Jeremy Lee
Jeremy Lee
A view from Jeremy Lee

Jeremy Lee: Why Bampton may have the last laugh over at Channel 5

Given that Nick Bampton is generally considered, following the recent TV shake-up, to have ended up with a straw so short that it is barely visible even in his small hands, you'd expect him to be feeling more than a little bit glum and perhaps even a tiny bit bitter.

After all, Bampton is widely thought of being far too quick to blink in taking the job running Channel 5's sales operation after its acquisition by Northern & Shell. If only he had sat it out just a little bit longer, they say, he'd have been in with more than a good shout at the more attractive (and financially rewarding) ITV and Channel 4 top sales jobs that subsequently became vacant.

As one of the rapidly depleted band of people who is held in such affection by the industry that he has long been granted an abridged version of his surname - Bammo - the goodwill was considerable. With this, he could have successfully turned his eye to pretty much anything.

Sadly, however, he ended up rushing to the unlovely and unloved Channel 5, where he can be imagined sitting in a garret in Northern & Shell's Lower Thames Street offices, a bit like Miss Havisham, ruing what might have been and, perhaps, scheming some petty revenge.

Except he's not (well, not publicly at least). Northern & Shell's decision to buy the rights to Big Brother - in what was presumably not a particularly hard-fought bidding process - has made Channel 5 a tiny bit more interesting again (see Forum).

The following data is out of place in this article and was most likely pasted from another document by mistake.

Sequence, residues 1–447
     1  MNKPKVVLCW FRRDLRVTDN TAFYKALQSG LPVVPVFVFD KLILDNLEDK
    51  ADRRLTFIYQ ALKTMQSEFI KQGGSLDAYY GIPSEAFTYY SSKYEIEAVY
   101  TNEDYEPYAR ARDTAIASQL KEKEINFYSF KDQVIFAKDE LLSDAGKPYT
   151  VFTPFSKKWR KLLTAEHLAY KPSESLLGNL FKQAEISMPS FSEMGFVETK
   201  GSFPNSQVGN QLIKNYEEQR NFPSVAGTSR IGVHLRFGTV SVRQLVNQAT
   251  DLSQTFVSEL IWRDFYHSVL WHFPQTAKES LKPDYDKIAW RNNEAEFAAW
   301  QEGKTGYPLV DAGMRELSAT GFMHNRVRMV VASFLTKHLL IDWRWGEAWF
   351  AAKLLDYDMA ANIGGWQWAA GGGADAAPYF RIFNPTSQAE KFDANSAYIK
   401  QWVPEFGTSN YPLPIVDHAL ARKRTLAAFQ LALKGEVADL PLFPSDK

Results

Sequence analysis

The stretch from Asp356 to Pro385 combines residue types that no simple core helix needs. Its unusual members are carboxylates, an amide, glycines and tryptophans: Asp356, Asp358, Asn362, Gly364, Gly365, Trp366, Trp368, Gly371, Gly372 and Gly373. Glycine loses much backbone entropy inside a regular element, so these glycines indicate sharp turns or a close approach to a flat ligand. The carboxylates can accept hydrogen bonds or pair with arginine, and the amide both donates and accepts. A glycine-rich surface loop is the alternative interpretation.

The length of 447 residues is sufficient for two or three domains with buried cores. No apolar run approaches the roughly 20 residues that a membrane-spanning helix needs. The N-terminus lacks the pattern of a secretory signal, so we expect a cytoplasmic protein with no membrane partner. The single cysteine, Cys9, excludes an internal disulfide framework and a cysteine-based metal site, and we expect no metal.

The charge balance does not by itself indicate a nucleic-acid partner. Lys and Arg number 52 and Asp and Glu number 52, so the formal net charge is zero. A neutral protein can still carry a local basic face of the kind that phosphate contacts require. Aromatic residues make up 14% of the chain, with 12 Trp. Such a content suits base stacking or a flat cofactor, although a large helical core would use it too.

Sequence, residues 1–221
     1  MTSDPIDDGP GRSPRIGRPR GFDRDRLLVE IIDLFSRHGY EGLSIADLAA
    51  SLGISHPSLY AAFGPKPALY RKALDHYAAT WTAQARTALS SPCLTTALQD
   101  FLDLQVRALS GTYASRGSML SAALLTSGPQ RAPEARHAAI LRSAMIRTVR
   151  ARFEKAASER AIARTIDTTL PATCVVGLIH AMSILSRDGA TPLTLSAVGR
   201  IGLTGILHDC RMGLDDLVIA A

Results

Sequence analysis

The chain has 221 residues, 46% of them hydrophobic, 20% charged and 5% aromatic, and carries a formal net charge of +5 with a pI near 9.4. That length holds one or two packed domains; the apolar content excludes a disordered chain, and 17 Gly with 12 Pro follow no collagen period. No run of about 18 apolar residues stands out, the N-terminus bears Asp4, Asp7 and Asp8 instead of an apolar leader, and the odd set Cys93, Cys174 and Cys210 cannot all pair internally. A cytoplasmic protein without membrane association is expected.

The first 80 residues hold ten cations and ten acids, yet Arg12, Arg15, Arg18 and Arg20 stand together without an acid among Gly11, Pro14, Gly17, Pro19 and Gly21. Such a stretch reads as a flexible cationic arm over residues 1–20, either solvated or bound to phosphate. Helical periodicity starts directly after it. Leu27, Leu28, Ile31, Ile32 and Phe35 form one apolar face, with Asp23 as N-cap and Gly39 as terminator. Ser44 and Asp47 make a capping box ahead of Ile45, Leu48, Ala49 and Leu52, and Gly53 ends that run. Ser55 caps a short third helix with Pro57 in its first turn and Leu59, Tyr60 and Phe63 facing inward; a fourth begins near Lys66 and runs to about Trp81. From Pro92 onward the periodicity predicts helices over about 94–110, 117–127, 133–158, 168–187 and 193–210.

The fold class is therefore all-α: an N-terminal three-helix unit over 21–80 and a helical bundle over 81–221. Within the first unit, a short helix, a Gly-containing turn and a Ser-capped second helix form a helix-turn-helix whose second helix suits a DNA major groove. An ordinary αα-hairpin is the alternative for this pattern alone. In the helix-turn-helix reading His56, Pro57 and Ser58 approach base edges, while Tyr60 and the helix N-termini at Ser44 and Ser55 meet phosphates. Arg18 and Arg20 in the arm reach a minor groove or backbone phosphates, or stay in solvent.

It's managed to knock those tales about management taking the kettles away so that staff have to use their pay as truck money in order to get a hot drink from the vending machines, or whispers about the sales floor being used as an out-of-hours set for some of the, erm, less-respectable parts of Richard Desmond's empire, off the rumour mill.

It's also given Bampton an interesting challenge and, unlike Channel 4, which had struggled in the end to generate much interest from advertisers or in the tabloids from the moribund Big Brother format, in Northern & Shell's assets he has an advantage. With a reach of more than 39 million individuals, who it can be assumed are demographically and socio-economically similar, how Northern & Shell manages to cross-sell across its portfolio of titles will be an interesting case study to other media owners keen to embrace marketing partnerships in order to attract incremental ad revenue.

While everyone has talked about this for years - and some, such as Emap Advertising had some success, albeit on smaller platforms - Big Brother presents an opportunity to exploit multimedia assets on a far bigger scale. And if Bampton successfully pulls it off, then he will have shown that perhaps his move wasn't so ill-advised and CV-staining after all.